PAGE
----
Great Moments In Urban Planning, Volume I

July 17, 2008 by
Filed under: Greenpoint Magic 

Yesterday my buddy Kevin over at Forgotten New York emailed me a question. It was regarding a post on Streetsblog and read as follows:

Is Manhattan Ave the right place for a bike lane, as busy as it is?

And here is my answer: second only to perhaps McGuinness Boulevard or the BQE, Manhattan Avenue is one of the worst places imaginable to have a bike lane. Here is why.

This is the intersection of Green Street and Manhattan Avenue. Green Street is a popular thoroughfare for motorists (many of whom are cabbies) to turn around and head back to the Pulaski Bridge. While annoying, the added traffic is not the problem. Rather, it is the general reluctance on the part of motorists to obey the law. As a result I have seen many an accident come to pass here. If it has legs or wheels you can rest assured it has been thoroughly pulverized by some miscreant-on-wheels running this stop sign. Follows are a few that things that have been hit at this intersection by negligent motorists:

  1. One subcompact car
  2. One tractor trailer hauling construction materials
  3. A dog
  4. A bicyclist
  5. A child

Of incidental interest, here are a few things I have seen transpire where this bike lane will be installed.

  1. One crazy-ass dude being tazered repeatedly by the police.
  2. Some drunk guy passed out in the street. The locals, being acclimatized to this sort of thing, placed a street cone in front of this chap and called 311.

And now we are to have a bike lane here? Why doesn’t the city charge a bounty on bicyclists or host some Death Race 2000-esque type of event at this intersection instead? The end result will pretty much be the same.

I know what some of you are thinking: Why not call 311 and complain about people blowing through this intersection? I HAVE. After almost being hit myself. Once I even went to the trouble of complaining to a meter maid present writing a ticket. In both cases absolutely nothing was done. Until our city decides to enforce the rules of the road (for motorists and bicyclists) I see no viable reason why a bike lane should be installed on Manhattan Avenue. Franklin Street (which already has a bicycle lane)* is a much safer alternative.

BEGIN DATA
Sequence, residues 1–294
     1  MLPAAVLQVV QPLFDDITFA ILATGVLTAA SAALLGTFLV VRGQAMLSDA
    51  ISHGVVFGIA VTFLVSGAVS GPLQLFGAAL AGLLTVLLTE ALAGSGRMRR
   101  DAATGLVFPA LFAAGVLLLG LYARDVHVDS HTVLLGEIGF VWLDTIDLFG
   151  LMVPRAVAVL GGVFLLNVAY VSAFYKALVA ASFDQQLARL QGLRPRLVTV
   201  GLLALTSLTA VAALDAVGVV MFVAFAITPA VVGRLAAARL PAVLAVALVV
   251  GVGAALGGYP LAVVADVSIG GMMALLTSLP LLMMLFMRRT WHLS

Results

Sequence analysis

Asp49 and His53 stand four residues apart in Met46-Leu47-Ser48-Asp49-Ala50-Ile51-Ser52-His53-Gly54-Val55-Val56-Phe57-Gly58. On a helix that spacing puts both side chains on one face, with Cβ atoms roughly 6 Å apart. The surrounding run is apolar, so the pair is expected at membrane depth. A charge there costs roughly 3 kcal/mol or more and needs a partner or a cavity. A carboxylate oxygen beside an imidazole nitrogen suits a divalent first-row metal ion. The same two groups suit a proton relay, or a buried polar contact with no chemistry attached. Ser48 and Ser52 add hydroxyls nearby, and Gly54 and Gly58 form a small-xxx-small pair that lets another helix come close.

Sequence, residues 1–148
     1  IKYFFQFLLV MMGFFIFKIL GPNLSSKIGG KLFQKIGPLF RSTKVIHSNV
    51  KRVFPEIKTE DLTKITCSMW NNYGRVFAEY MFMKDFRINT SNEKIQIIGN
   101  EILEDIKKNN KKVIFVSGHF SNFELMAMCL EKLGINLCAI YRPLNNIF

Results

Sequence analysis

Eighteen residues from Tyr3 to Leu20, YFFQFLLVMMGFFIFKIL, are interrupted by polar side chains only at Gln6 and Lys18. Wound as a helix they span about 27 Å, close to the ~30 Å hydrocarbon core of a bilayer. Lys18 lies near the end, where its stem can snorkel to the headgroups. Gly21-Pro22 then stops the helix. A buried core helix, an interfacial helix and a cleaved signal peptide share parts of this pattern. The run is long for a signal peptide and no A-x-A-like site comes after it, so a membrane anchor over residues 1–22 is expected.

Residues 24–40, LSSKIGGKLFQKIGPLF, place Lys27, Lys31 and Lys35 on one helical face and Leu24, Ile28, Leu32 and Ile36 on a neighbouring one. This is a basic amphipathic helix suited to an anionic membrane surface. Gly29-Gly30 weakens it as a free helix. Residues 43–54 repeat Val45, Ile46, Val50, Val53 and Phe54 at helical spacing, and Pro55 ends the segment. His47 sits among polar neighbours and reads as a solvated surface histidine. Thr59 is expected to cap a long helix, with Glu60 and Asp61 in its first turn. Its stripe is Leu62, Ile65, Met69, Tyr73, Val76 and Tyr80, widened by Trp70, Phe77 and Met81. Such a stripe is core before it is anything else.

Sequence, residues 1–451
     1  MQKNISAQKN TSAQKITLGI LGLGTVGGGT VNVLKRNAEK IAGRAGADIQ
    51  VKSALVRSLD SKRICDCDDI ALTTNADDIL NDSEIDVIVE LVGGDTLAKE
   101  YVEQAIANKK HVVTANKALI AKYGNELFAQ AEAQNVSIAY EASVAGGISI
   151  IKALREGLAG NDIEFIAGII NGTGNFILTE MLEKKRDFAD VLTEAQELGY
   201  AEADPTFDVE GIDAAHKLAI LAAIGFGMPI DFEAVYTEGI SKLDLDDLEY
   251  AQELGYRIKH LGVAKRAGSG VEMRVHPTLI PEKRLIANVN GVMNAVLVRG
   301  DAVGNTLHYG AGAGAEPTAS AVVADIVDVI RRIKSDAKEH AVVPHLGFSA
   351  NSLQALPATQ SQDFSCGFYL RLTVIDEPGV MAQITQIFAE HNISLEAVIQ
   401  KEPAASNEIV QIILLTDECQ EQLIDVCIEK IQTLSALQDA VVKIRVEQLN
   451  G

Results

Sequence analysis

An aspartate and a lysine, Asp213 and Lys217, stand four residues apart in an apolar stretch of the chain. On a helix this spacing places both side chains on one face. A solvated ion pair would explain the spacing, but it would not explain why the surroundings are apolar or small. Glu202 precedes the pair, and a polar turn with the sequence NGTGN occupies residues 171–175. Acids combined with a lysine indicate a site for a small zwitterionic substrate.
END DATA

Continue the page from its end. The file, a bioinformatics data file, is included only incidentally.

What’s more, putting a bicycle lane in the path of a bus route strikes me as being downright idiotic. B43 bus service is bad enough as is, why make it worse?

Miss Heather

*See comments


3 Comments on Great Moments In Urban Planning, Volume I

  1. Mark India on Thu, 17th Jul 2008 11:22 am
  2. Mrs. Heather:

    Not to be too nitpickey, but this post has a few of easily-made mistakes:

    First off, Franklin Ave DOES NOT have a bike lane. It is a designated bike route with painted markers/arrows indicating so. These arrows help cyclists know how far away they need to be from a parked car to be outside the “door-zone”. Bike lanes (like what they are putting on Manhattan), by contrast, are a separate lane. Cyclists are required to ride in them and motorists can be ticketed for parking/using them.

    Secondly, a bike lane that passes by a bus route will never delay the bus by more a few moments. Considering that bus stop bays are about 50 ft long, even a cyclist traveling at 5 mph will be out of the way in less than 2 seconds. A passing cyclist is just that, passing, and doesn’t pose an obstacle to the free movement of the bus like a double-parked car would. Also, trust me when I say that the B61 and B43 bus drivers have no problem whizzing by and cutting off cyclists when making stops.

    Thirdly, other blogs have also made the point that Manhattan b/w Nassau and Greenpoint is already a total mess, and doesn’t need a bike lane thrown in there. I would tend to agree. However, Manhattan north of Greenpoint widens significantly, allowing more than enough space for a bike lane. This is the only lane that DOT has put in and has not made plans to put in lanes south of Greenpoint ave.

    Sorry for making this post so long, but I’ve seen a lot of passions inflamed and misinformation spouted in the blogsphere about these new bike lanes. One would think that community blogs sympathetic to quality of life issues would be more supportive of a non-polluting, zero-noise-generating form of non-congestive transportation.

  3. missheather on Thu, 17th Jul 2008 11:35 am
  4. Be nit-picky, Mark India! My big concern —the one which overrides everything else— is the intersection of Green and & Manhattan Avenue. Unless they put in a four way stop here (which they once had) I am very, very fearful someone is going to get run over. And being able to walk or operate a bicycle safely across a busy street is— in and of itself— a BIG quality of life issue.

    I’m all for bike lanes. I just have some serious issues with this one— from a public safety, NOT A ANTI-bicycle, viewpoint.

  5. missheather on Thu, 17th Jul 2008 11:36 am

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